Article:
Unity of agreement among the total number of witnesses lends the greatest credibility to a claim, regardless of the extremities to which the claim may reach. In the apostles' case, their eyewitness observations were extended over a pre-crucifixion period of some three and a half years and a post-crucifixion period of another forty days to determine that this was the same Jesus in both ministries. Inasmuch as their testimony to the life of Christ, his death, his resurrection, and his post-resurrection appearances are in agreement, and since their doctrine in every phase of the Christian faith agrees, and since all the apostles were willing to suffer the most miserable of persecutions for what they claimed they had seen and heard, we can be assured of having the best possible evidence.
Doubtless, the faithfulness of the apostles was the crucible of the Christian religion. From the beginning, the grand evidence for the resurrection was the unswerving testimony of a unified band of fearless men. Even though these men were imprisoned (Acts 4:1-3; 5:18,25) and threatened with their lives (Acts 4:17, 21; 5:17-33), and in spite of the early martyrdom of the apostle James (Acts 12:1-3), they maintained that they had seen Jesus alive after the crucifixion and that they had walked with him for another forty days. They persisted, without variation from their course both doctrinally and morally, in the face of severe hardship, even to the death. It goes without saying that it is against human nature for such lives as those apostles lived to be based upon a lie. You cannot expect that of human nature.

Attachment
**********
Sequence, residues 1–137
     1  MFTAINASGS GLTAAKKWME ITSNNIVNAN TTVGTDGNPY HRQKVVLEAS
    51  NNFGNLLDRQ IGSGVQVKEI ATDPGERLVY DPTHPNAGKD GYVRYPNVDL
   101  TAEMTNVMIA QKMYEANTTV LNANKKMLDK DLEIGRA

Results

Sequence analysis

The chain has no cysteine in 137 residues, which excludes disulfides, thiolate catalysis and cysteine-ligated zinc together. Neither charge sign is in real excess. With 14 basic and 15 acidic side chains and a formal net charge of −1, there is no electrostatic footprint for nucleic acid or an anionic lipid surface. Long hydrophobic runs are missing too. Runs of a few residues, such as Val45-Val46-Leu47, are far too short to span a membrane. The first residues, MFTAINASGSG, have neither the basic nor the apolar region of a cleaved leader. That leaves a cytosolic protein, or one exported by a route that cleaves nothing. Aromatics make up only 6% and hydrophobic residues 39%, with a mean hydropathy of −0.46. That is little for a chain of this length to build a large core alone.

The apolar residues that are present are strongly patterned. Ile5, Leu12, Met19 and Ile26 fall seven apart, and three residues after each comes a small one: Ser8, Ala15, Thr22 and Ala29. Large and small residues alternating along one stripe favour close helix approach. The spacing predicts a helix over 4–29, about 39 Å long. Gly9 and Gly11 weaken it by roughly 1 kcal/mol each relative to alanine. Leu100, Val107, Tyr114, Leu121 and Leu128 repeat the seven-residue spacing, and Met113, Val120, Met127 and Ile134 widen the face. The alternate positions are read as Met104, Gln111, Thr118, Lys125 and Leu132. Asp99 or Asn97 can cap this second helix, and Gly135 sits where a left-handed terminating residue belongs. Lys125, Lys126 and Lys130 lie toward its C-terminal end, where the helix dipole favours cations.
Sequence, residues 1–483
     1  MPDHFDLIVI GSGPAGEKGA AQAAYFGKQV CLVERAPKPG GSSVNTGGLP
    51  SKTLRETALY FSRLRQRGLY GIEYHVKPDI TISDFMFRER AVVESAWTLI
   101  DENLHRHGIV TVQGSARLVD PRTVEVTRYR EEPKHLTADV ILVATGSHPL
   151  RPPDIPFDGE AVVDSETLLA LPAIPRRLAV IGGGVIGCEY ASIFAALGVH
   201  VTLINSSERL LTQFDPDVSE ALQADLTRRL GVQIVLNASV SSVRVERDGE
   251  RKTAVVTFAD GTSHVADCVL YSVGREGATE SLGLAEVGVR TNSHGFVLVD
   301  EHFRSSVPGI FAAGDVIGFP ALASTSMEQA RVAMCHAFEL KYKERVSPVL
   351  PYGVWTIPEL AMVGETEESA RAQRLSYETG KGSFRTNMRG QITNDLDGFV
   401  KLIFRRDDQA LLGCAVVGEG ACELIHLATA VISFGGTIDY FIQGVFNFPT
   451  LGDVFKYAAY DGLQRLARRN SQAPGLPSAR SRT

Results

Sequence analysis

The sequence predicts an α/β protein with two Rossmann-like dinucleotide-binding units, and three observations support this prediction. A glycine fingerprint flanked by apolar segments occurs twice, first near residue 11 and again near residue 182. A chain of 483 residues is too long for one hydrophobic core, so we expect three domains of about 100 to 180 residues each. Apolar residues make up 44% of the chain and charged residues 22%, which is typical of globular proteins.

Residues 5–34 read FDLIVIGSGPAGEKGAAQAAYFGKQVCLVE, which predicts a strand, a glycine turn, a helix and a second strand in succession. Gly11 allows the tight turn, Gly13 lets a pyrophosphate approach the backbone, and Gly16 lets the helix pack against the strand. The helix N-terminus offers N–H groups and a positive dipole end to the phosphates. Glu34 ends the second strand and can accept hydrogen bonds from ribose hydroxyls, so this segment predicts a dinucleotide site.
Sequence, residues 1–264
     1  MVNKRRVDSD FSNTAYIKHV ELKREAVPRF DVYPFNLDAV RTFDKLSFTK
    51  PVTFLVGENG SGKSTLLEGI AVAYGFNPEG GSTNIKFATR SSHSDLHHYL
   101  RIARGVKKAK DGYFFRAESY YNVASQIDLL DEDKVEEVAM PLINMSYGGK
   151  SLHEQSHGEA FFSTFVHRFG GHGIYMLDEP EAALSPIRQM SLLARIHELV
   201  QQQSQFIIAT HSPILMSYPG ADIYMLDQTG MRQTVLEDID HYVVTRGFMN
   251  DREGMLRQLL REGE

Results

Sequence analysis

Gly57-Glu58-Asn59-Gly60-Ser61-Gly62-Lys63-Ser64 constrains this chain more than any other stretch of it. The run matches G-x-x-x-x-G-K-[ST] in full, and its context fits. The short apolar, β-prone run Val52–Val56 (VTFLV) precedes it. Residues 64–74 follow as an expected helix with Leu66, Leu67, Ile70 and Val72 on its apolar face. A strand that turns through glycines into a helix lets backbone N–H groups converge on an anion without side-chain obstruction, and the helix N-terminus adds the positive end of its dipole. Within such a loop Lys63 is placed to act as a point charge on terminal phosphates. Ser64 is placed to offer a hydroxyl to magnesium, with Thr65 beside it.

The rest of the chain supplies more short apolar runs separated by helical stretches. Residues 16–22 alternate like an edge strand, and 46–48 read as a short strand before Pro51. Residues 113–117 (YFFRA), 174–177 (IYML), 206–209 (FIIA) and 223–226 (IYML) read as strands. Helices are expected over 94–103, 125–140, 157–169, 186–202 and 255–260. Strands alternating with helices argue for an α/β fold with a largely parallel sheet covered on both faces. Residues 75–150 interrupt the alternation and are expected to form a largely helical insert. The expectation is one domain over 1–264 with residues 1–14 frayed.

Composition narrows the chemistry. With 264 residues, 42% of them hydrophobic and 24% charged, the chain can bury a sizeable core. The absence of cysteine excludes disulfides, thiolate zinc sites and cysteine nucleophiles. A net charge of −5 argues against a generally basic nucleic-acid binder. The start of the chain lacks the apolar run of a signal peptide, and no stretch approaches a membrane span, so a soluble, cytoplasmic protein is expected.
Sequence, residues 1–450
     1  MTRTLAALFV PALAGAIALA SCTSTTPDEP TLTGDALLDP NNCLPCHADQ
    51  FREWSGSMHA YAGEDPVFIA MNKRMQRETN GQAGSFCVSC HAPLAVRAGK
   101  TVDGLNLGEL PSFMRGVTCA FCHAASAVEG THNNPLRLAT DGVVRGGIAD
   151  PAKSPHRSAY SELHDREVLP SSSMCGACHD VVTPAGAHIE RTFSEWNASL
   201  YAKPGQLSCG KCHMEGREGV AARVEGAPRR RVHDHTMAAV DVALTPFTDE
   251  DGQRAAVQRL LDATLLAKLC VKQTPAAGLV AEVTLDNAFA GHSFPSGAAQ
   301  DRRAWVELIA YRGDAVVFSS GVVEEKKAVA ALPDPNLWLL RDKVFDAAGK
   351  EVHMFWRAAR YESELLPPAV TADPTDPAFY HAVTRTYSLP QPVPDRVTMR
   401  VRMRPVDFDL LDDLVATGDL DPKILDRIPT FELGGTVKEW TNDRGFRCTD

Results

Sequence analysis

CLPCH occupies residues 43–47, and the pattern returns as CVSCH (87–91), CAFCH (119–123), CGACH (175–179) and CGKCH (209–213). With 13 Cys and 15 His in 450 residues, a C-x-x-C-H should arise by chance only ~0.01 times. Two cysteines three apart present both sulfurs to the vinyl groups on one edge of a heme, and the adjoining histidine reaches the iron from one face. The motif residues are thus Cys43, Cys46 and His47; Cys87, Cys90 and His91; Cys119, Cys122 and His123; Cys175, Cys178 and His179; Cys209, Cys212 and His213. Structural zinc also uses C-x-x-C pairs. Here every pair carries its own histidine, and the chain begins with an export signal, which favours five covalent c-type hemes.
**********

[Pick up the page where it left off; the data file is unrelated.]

Today we have no testimony of our own experience that can be legitimately offered as proof of Christ's resurrection. Our testimony must be that of the apostle. The apostolic testimony, as recorded in the New Testament, is the intended ground of belief for all time to come (Luke 24:44-48; John 17:20). This apostolic testimony was the testimony of those early Christians who had not seen the Lord (Revelation 12:11). It is not ours to offer any "experiences" of our own as proof of Christianity's reliability. Ours today is to preach the word of qualified witnesses (2 Timothy 4:1-2).
A very reasonable conclusion in view of the evidence as it comes to us in the historical documents of the New Testament is that what the apostles testified to actually happened: Jesus was raised, and they saw him even as they claimed. Their motives were not challenged. Their lives were consistent with their doctrine. What other answer can be offered for the lives and teaching of the twelve apostles, without contradicting the facts? Here, in the number of the witnesses, their unity, and their lives, lies the real force of Luke's words that "with great power gave the apostles their witness of the resurrection of the Lord Jesus." The eyewitness testimony of the apostles was the power that brought great grace upon them all.